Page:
author = "Drew Hemment and Mel Woods and {Ajates Gonzalez}, Raquel",
year = "2019",
month = "10",
day = "16",
language = "English",
note = "Transformations 2019 : Learning from Transformative Action and Thinking ; Conference date: 16-10-2019 Through 18-10-2019",
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Communicating the transformative power of soils through citizen science, satellite validation and data art. / Hemment, Drew; Woods, Mel; Ajates Gonzalez, Raquel.

2019. Poster session presented at Transformations 2019, Santiago, Chile.

Research output: Contribution to conferencePoster

TY - CONF

T1 - Communicating the transformative power of soils through citizen science, satellite validation and data art

AU - Hemment, Drew

AU - Woods, Mel

AU - Ajates Gonzalez, Raquel

PY - 2019/10/16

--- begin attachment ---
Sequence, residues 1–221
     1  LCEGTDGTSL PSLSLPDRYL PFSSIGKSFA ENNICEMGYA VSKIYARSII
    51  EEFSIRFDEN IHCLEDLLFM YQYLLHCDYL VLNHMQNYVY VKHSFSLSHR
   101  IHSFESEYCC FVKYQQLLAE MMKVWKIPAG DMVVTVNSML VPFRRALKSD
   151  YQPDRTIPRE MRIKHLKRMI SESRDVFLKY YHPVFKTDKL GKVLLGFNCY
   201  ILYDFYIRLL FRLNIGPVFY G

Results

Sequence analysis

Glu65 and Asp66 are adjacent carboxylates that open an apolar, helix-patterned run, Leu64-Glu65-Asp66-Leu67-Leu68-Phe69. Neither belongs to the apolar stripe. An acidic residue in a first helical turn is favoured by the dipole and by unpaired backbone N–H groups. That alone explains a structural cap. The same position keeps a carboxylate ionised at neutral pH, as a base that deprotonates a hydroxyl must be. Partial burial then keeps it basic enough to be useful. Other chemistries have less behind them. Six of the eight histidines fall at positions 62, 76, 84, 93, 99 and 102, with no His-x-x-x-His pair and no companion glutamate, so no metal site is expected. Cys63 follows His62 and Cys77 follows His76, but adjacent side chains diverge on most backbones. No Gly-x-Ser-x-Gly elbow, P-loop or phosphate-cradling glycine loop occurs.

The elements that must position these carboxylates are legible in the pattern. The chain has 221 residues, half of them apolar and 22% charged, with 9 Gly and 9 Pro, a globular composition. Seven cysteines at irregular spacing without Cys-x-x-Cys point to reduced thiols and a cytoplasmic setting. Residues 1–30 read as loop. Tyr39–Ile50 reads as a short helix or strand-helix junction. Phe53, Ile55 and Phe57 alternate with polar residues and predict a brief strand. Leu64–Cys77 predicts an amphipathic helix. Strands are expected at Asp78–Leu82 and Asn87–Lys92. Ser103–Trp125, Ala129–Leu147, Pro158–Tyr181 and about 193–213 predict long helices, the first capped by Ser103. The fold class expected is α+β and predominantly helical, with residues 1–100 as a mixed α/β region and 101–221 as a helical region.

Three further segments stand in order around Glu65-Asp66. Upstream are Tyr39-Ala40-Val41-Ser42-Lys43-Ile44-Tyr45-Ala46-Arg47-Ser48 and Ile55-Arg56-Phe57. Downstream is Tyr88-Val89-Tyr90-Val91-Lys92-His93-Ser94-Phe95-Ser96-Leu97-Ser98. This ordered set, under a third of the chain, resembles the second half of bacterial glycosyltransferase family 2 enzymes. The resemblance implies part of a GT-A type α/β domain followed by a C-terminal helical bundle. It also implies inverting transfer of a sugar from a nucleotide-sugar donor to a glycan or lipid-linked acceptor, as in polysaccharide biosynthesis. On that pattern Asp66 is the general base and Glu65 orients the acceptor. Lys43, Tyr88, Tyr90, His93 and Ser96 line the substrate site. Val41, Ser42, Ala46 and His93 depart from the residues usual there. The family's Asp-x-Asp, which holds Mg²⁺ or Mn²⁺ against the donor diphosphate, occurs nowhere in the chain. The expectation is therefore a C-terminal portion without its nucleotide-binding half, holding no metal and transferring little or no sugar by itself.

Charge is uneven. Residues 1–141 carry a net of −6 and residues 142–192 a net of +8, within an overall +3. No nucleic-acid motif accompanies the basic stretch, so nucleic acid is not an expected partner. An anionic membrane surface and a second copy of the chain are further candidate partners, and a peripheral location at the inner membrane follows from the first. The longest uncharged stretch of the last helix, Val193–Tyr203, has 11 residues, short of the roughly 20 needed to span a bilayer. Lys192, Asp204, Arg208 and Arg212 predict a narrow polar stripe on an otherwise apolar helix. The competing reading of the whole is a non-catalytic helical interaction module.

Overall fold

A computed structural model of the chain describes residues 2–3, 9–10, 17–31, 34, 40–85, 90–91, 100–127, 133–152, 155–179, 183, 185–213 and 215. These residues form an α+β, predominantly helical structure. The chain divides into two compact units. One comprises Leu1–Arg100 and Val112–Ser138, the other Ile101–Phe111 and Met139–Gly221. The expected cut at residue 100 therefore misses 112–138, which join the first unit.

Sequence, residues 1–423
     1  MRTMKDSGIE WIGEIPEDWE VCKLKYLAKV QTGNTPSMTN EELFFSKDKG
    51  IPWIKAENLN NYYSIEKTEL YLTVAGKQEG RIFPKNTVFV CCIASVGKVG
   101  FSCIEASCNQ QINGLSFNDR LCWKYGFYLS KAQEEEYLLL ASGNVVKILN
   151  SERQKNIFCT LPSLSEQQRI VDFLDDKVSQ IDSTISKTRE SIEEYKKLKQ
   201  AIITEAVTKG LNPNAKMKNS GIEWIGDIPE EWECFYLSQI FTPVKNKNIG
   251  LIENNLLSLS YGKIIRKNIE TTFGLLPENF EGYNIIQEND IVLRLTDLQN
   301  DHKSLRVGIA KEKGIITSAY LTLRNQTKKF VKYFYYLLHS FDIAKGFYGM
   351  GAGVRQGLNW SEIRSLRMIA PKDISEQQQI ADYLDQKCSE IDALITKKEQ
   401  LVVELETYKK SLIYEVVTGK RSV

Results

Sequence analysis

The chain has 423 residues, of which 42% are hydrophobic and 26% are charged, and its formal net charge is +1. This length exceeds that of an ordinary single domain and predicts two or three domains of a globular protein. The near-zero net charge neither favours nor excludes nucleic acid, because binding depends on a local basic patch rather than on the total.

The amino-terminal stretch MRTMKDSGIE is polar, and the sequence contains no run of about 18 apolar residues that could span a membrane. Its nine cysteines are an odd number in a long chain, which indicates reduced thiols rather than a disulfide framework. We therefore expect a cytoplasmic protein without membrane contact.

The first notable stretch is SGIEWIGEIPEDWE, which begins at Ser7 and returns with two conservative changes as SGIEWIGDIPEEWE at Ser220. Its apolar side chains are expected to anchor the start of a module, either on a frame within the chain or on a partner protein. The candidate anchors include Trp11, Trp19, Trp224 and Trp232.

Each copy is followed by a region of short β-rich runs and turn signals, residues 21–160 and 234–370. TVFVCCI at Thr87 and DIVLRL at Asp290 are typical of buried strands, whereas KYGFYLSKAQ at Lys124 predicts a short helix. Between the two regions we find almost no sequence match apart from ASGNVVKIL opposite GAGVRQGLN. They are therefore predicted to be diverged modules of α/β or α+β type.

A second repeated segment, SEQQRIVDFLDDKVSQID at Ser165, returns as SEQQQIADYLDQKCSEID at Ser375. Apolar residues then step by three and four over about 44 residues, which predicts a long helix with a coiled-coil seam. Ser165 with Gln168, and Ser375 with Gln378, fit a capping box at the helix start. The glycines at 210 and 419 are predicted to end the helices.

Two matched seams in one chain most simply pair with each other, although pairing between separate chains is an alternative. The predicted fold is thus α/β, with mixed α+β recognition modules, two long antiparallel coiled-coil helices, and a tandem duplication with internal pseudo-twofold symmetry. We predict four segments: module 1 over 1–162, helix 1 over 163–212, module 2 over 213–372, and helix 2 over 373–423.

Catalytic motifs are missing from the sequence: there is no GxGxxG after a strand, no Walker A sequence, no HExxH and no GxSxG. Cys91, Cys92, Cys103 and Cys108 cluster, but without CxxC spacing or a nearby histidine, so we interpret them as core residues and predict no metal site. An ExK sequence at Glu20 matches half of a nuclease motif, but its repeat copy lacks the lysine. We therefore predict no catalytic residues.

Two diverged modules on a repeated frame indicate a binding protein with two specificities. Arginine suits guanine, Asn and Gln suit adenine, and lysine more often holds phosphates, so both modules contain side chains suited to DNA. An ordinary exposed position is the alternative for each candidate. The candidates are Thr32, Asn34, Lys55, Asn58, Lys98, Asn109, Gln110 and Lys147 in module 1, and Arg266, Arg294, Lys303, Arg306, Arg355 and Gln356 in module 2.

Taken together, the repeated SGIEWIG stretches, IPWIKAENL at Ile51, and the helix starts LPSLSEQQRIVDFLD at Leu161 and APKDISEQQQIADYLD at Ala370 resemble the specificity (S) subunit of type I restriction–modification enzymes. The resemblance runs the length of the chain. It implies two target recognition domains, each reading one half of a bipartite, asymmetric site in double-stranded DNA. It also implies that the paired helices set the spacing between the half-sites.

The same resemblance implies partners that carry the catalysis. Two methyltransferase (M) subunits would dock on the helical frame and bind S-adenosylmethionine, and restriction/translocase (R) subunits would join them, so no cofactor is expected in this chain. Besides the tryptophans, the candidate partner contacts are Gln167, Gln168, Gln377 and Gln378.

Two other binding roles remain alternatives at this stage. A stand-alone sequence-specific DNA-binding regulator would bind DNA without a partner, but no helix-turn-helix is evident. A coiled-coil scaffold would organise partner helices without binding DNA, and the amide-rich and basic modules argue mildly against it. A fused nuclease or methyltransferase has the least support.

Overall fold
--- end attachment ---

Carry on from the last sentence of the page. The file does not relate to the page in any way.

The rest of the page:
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N2 - How can local citizen-generated soil sensor data can have a global transformative impact in the food system and climate action? Soils maintain life on earth, but are a threatened resource being degraded at an alarming rate. Additionally, soil moisture plays an important role in regulating climate and predicting extreme weather events such as floods, droughts, heat waves and wildfires, which have socio-economic, public safety and environmental effects. In order to deal with the aforementioned issues, we need to enhance the accuracy of climate forecast information, and the knowledge accessible to practitioners. This paper reports on GROW Citizens’ Observatory’s efforts to validate Sentinel-1 satellites and to generate dynamic soil moisture maps through citizen science. Continuous estimations of soil moisture are generated through modelling over the regions in which GROW participants have installed thousands of sensors. The information is visualised through data exploration and design. These maps can help growers benefit from crowdsourced data, and support policymakers to be better informed when making decisions about environmental policies, (e.g. targeted investments to prevent desertification or floods). Furthermore, in order to communicate the observatory’s findings to a wider audience, GROW has commissioned an online networked digital artwork that draws on data from soil sensors. The artwork, By the Code of Soil, generates unique, audio-visual manifestations that appear on participants’ computers whenever the land-mapping satellite Sentinel-1A passes overhead. Through spontaneous interruptions to daily life, it connects audiences to these invisible processes and systems, inviting us to acknowledge and reflect on our relationship with soils.